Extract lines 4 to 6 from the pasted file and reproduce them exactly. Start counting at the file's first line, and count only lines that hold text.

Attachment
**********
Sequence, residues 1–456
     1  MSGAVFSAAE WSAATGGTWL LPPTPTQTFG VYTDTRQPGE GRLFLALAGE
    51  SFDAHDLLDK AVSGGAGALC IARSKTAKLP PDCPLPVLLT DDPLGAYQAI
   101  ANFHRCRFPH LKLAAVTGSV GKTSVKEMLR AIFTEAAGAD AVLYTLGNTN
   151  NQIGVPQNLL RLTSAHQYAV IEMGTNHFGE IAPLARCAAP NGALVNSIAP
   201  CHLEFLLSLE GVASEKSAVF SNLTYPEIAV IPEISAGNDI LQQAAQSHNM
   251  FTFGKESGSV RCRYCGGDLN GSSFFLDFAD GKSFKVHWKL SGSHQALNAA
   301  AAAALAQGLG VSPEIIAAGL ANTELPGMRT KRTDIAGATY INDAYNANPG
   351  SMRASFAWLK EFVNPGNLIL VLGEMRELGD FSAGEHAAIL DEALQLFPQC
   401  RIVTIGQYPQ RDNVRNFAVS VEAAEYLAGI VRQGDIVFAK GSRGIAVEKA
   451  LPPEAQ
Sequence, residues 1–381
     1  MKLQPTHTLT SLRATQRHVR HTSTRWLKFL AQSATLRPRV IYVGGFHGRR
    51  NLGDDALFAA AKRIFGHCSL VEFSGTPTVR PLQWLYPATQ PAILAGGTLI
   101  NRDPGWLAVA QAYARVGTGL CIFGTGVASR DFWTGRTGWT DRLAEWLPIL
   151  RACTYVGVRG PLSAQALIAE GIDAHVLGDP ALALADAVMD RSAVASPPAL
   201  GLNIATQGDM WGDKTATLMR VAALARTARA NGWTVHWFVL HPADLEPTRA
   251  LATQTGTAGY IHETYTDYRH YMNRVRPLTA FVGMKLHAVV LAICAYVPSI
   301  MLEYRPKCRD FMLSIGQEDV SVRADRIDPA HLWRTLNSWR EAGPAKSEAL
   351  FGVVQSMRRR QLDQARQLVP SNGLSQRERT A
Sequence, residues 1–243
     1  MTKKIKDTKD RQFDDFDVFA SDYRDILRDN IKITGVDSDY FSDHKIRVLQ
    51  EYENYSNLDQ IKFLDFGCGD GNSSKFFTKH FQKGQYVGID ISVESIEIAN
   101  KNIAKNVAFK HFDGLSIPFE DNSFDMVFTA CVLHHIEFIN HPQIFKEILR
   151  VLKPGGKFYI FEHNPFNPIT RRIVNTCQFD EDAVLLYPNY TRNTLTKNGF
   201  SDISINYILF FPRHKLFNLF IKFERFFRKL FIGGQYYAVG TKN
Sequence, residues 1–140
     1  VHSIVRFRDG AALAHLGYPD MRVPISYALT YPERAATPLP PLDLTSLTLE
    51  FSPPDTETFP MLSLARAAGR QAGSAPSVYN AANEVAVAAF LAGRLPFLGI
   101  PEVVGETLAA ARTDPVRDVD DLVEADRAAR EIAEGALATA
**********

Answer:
   101  ANFHRCRFPH LKLAAVTGSV GKTSVKEMLR AIFTEAAGAD AVLYTLGNTN
   151  NQIGVPQNLL RLTSAHQYAV IEMGTNHFGE IAPLARCAAP NGALVNSIAP
   201  CHLEFLLSLE GVASEKSAVF SNLTYPEIAV IPEISAGNDI LQQAAQSHNM